With Ben Stiller, Vince Vaughn, Jonah Hill, Richard Ayoade, Rosemarie DeWitt. Written by Jared Stern and Seth Rogen & Evan Goldberg. Directed by Akiva Schaffer. Rated R (for some strong sexual content including references, pervasive language and violent images). 98 minutes.
Last year saw an attempt to cross the science fiction film with the western with “Cowboys & Aliens.” This year we get THE WATCH (changed from “Neighborhood Watch” after Trayvon Martin’s murder this past winter), mixing the moron guy comedy with yet another alien invasion story. It’s “The Hangover” meets “Attack The Block.” The result is a movie unlikely to please fans of either genre.
Ben Stiller is Evan, a manager at a local big box store. He’s an organizer in his community who sees himself as a do-gooder even if it’s a way for him to avoid the real issues in his life. When an employee is murdered under mysterious circumstance, Evan forms a neighborhood watch. The three guys who show up to the organizational meeting are each cartoonish in their own right.
Bob (Vince Vaughn) is the loud, overly-friendly neighbor who sees this as an opportunity to drink beer with a bunch of the guys. Franklin (Jonah Hill) is a somewhat creepy high school dropout who flunked the police physical and written exams and possibly the mental health screen as well. Jamarcus (Richard Ayoade) is quirky Brit who thinks answering the calls of his neighbors might help him fulfill a sexual fantasy.
Much of the first part of the film has them acting out, whether it’s drinking beer, running down a skateboarder who egged them, or engaging in raunchy humor. Then it becomes clear that the murderer is not of this world, leading to such witticisms as a running joke as to whether alien goo found at the scene feels like human ejaculate. There is actually an extended scene exploring the nuances of this very lame joke.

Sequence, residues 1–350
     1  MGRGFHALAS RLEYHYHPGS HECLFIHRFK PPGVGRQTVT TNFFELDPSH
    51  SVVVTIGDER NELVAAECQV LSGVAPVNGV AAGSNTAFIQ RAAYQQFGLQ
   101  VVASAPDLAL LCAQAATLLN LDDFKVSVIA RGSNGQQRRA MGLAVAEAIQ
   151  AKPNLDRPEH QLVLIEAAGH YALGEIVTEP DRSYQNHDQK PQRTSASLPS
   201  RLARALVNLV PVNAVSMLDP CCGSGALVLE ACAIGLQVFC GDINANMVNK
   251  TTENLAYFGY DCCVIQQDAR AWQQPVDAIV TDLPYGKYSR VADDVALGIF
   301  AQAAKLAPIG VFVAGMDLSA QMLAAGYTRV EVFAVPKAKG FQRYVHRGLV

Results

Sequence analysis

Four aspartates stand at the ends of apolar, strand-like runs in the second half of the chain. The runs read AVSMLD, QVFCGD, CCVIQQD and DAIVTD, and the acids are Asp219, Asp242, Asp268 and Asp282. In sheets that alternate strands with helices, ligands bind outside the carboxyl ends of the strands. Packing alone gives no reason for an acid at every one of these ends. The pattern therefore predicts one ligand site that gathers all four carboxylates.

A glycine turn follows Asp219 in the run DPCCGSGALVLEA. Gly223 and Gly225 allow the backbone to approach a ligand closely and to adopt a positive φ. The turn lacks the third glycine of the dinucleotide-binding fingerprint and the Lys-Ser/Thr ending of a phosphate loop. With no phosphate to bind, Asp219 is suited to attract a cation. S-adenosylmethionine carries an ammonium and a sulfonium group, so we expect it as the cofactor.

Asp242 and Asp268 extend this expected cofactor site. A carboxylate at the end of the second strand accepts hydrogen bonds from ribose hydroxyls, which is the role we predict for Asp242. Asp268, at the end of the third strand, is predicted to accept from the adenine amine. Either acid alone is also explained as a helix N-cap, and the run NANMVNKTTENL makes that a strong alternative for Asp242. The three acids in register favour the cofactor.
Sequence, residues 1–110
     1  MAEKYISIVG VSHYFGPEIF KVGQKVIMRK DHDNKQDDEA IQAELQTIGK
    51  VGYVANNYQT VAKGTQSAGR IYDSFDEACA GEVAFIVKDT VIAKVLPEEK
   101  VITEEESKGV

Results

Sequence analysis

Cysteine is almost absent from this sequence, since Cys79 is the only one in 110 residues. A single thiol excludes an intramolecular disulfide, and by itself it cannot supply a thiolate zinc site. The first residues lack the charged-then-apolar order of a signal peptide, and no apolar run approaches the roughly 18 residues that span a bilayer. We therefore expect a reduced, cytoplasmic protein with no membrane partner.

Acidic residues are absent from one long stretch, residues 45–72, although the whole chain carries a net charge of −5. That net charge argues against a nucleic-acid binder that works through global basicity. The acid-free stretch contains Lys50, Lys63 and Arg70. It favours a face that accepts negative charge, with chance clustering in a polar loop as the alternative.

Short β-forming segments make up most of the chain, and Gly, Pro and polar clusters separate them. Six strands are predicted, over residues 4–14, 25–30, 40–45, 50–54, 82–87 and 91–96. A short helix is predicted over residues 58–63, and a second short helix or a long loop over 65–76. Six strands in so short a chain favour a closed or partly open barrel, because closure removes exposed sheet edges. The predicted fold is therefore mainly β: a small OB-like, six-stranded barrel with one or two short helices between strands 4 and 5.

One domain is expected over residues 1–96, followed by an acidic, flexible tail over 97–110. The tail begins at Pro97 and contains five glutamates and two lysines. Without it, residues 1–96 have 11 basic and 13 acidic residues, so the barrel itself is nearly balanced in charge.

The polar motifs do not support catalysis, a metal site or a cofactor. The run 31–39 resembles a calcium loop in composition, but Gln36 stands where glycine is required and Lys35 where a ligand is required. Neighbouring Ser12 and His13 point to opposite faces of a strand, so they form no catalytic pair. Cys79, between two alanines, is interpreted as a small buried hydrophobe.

When we see the aliens it’s clear that special effects guys are still under the influence of H.R. Giger’s landmark designs for “Alien.” One can see where this might have worked a lot better if the science fiction elements were upfront rather than a seeming afterthought. (A brief prologue starts in space but only to lead us to how much Evan loves his suburban Ohio town.) One of the funniest moments in the film – indicating where it might have gone – is when the guys seem to have killed an alien and decide to take souvenir photos with the corpse. At that moment the comedy is in the service of the plot rather than just the usual horny, drunk guys bantering.
The performances are above par for this sort of movie, with Vaughn playing the overly-protective father of a teenage daughter to good effect and Ayoade – who has done mostly British television – proving offbeat as the new neighbor. Stiller plays his usual nebbish, while Hill may give the most troublesome performance. It’s going to be a while before the character of a troubled dropout with a fondness for dangerous weapons is not going to be a reminder of recent events.
“The Watch” is lowest common denominator comedy. If you think a male neighbor telling Evan he has “nice skin” is the height of hilarity or, better yet, a guy urinating into an empty soda can, then you’ll have a great time. If you’re more curious how well the moron comedy and the alien invasion film work together, let’s put it this way: as well as chocolate syrup goes with sushi.•••
Daniel M. Kimmel is a veteran movie critic and author of a host of film-related books, the most recent being Jar Jar Binks Must Die… And Other Observations About Science Fiction Movies. He teaches film at Suffolk University and lives in Somerville.